Melissa Groves, a Towson resident, said if the county did not pick up her recycling she "wouldn't be doing nearly as much."
Three years ago, Groves was living in a Cromwell Valley apartment and driving her own recycling to a collection center once a month - a 16-mile round trip.
At that time, she dropped off just aluminum and glass, and even then she didn't recycle everything because of lack of storage and concern that it might attract pests.
"If I had to drive out, and it were inconvenient to drive out, I probably wouldn't be washing my mayonnaise jars out," Groves said. "There's only a certain amount of time I am willing to devote to recycling."
About 235,000 single-family homes - representing 70 percent of the county's total - spread over 640 square miles are part of the voluntary program.
Today, 48 collectors pick up recycling from those homes each week on 225 separate schedules that cover an average of 1,000 homes.
While the county does not tally totals for individual routes, Rob Singleton, chief operating officer for Stevenson-based Cockey's Enterprises, gives high marks to the northwest Baltimore County route that stretches from the city line to Tufton Avenue, winding through the upscale Caves Valley.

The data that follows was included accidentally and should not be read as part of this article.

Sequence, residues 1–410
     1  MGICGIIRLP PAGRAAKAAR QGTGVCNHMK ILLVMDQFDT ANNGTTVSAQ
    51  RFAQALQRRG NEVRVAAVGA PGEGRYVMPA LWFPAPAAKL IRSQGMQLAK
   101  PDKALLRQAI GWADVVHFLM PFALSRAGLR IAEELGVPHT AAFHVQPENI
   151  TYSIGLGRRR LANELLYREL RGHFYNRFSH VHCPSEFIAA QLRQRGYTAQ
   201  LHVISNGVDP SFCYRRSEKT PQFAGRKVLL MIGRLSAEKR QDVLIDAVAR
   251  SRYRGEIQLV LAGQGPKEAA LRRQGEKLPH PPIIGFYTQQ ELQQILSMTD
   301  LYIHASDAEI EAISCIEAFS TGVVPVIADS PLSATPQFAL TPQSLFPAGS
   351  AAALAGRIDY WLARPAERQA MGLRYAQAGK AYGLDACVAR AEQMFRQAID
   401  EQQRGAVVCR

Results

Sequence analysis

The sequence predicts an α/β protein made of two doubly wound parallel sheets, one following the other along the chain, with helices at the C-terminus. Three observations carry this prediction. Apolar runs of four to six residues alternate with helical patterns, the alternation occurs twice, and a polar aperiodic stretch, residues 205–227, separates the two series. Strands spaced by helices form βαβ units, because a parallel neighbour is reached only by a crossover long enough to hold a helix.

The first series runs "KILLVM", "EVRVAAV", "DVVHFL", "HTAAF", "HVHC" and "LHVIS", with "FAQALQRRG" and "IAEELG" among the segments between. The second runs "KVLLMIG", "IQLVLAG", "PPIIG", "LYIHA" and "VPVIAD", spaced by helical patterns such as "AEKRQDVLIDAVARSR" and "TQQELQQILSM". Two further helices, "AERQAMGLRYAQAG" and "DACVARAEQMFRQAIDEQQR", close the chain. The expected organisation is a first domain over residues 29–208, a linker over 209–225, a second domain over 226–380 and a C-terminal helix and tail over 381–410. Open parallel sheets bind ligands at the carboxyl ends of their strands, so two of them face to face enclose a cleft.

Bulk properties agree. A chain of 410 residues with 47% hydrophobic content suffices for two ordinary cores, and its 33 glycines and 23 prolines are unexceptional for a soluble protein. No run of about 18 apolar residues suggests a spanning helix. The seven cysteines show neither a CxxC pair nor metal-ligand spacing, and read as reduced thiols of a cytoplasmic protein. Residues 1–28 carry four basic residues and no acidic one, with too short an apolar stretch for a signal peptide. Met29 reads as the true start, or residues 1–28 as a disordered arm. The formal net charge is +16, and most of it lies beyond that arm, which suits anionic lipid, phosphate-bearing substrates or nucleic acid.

"This whole route has a very high participation rate," said Singleton on a recent pickup day while watching workers throw bags into one of two dark-green collection trucks working the route.
Indeed, there are piles of blue bags holding plastic and glass containers at the end of nearly every driveway.
Singleton said collectors aren't picky about bag color "as long as we can tell it's recyclable."
Inevitably, all recycling makes its way through the county's Resource Recovery Facility, just north of Cockeysville off Interstate 83 in Texas, Md.
There, the products are separated, and the plastics and aluminum products are compacted into bales weighing 300 to 400 pounds. Those are shipped to companies that reuse the materials.
"It's a fairly simple system," said Richard Keller, manager for recycling for the Maryland Environmental Service, a quasi-state agency that manages and operates the county-owned recycling facility. "Plastics are hand sorted. Metals and tins are separated by a machine."
From Cockeysville, the paper goes to paper mills throughout the Mid-Atlantic, where it is turned into newsprint, corrugated containers and roofing tiles.
In all, the county generates about $2 million annually from the sale of its recyclable materials. That money is used to help pay for county trash collections.